HKSAR v Tsang Cheung Yan  1 HKLRD 167,  HKCA 1656
Kim McCoy (with Richard Donald) appeared for the applicant in HKSAR v Tsang Cheung Yan  1 HKLRD 167,  HKCA 1656.
D1 and two others (D2 – 3) stood trial together on a count of murder. By their verdicts, the jury convicted D1 of murder and convicted D2 – 3 of manslaughter. At trial, D1’s case was to the effect that while he had acted together with D2 – 3, nothing which he did caused death and that death was caused by D2 – 3. In support of D1’s application for leave to appeal against conviction, the following four grounds were advanced: (i) the murder verdict against D1 was inconsistent with the manslaughter verdicts against D2 – 3; (ii) the Judge erred in acceding to D2’s application to edit out of D1’s video recorded interview the attack therein on D2’s character, for that unfairly inhibited D1’s defence; (iii) the Judge erred in failing to direct the jury on D1’s clear record; and (iv) the Judge failed fairly to draw the jury’s attention to the expert evidence of the forensic pathologist called on D1’s behalf.
Held, refusing leave to appeal and dismissing the appeal, that:
- (1) A participant in a joint enterprise may be convicted of murder even if the actual killer was acquitted outright or convicted of manslaughter. On the totality of the evidence, the jury’s conclusion that D1 was guilty of murder while D2 – 3 were guilty of manslaughter was a conclusion which a jury, examining the evidence and faithfully following the judge’s direction, was perfectly entitled to reach (Sze Kwan Lung v HKSAR (2004) 7 HKCFAR 475, HKSAR v Chan Kam Shing (2016) 19 HKCFAR 640, HKSAR v CT (2019) 22 HKCFAR 225 applied; Osland v R (1998) 197 CLR 316 referred to). (See paras.33 – 50.)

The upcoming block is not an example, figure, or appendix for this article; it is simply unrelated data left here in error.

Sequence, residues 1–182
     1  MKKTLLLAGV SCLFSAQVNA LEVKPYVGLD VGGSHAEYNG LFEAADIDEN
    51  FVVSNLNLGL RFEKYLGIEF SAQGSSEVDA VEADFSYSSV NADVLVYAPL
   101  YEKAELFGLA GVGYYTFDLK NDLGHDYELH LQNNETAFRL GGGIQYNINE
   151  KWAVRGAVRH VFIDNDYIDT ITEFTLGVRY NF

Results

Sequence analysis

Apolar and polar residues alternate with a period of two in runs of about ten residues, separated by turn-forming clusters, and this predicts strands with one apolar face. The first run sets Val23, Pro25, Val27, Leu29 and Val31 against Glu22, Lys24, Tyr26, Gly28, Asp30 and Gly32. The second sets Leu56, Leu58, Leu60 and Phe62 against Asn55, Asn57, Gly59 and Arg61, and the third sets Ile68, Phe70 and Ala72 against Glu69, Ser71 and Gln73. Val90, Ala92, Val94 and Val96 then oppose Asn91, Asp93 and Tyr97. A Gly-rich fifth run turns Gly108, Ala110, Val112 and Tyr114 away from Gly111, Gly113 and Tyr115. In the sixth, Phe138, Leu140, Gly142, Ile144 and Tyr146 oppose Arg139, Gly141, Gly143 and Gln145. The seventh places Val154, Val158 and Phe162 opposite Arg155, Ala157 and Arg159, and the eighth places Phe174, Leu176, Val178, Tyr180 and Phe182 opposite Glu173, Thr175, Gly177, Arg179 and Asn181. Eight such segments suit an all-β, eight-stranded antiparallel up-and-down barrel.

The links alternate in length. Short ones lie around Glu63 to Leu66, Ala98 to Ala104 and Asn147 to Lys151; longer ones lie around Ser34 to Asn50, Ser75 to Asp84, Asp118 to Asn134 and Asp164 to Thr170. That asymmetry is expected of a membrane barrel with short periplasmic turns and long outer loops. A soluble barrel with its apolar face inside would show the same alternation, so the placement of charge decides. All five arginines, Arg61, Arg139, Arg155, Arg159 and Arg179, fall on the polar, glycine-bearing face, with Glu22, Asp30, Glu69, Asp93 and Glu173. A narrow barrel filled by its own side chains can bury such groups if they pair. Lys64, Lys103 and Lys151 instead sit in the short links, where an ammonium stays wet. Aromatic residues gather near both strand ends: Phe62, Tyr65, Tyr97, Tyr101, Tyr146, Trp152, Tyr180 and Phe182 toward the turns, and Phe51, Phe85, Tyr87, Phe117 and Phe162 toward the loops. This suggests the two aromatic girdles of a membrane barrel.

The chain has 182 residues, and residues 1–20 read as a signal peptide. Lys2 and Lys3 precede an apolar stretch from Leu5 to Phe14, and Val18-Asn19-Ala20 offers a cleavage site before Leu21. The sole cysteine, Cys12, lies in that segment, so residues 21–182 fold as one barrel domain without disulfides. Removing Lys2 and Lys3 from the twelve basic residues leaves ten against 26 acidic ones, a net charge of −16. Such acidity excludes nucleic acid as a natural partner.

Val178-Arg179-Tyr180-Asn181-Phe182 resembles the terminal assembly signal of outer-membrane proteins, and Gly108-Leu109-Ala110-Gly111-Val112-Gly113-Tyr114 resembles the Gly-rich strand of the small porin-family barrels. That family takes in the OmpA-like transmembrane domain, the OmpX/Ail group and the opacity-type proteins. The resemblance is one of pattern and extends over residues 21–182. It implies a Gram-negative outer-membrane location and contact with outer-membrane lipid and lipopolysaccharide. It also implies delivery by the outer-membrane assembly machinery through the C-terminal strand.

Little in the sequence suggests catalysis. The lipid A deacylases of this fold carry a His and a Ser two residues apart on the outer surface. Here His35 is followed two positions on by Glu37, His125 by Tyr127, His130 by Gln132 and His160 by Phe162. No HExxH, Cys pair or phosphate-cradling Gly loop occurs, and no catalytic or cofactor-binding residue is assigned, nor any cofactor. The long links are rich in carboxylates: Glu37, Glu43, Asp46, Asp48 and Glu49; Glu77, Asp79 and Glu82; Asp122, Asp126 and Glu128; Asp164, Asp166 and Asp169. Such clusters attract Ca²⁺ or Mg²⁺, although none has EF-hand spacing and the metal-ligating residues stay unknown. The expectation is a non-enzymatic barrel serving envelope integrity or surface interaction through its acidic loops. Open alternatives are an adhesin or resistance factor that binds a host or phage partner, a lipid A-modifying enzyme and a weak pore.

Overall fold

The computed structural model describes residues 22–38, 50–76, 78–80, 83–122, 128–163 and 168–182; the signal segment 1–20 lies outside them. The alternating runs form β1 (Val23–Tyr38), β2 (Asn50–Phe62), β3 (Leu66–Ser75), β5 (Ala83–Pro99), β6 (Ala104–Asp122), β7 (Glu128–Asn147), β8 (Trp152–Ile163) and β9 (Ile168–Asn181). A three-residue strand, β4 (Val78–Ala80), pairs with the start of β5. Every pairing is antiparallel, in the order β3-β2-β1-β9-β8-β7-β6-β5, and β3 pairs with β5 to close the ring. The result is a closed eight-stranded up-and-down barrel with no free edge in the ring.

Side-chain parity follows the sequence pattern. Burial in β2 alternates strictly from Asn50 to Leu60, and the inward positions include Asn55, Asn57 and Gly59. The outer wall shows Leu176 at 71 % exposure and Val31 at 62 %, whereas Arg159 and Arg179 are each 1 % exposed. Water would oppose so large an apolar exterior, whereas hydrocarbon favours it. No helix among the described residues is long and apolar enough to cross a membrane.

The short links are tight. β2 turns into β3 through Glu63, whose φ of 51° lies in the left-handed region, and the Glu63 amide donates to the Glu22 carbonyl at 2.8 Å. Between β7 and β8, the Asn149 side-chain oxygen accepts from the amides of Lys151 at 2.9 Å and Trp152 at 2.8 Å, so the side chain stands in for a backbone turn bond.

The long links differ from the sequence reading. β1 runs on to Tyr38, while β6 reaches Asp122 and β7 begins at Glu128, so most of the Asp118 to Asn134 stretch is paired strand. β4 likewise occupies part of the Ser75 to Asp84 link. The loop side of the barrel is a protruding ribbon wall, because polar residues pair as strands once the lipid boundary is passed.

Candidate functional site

- (2) Editing an accused’s statement to exclude matters prejudicial to a co-accused was permissible if what was edited out was not relevant to the maker’s defence. In the circumstances, the editing in the present case did not prejudice D1 (Lobban v R  1 WLR 877, R v Tan Siew Gim  1 HKCLR 299 applied). (See paras.51 – 55.)
- (3) In view of the unscrupulousness and dishonesty which D1 admitted, a good character direction based on his clear record would only have confused the jury. Moreover, how the Judge indicated that he would, and eventually did, deal with character was not objected to at trial. (See paras.56 – 57.)
- (4) The way in which the Judge dealt with the evidence of the forensic pathologist called by the prosecution and the defence respectively left no room for D1’s argument in this regard. (See paras.59 – 60.)
[The above is excerpted from the headnote to the report in HKLRD.]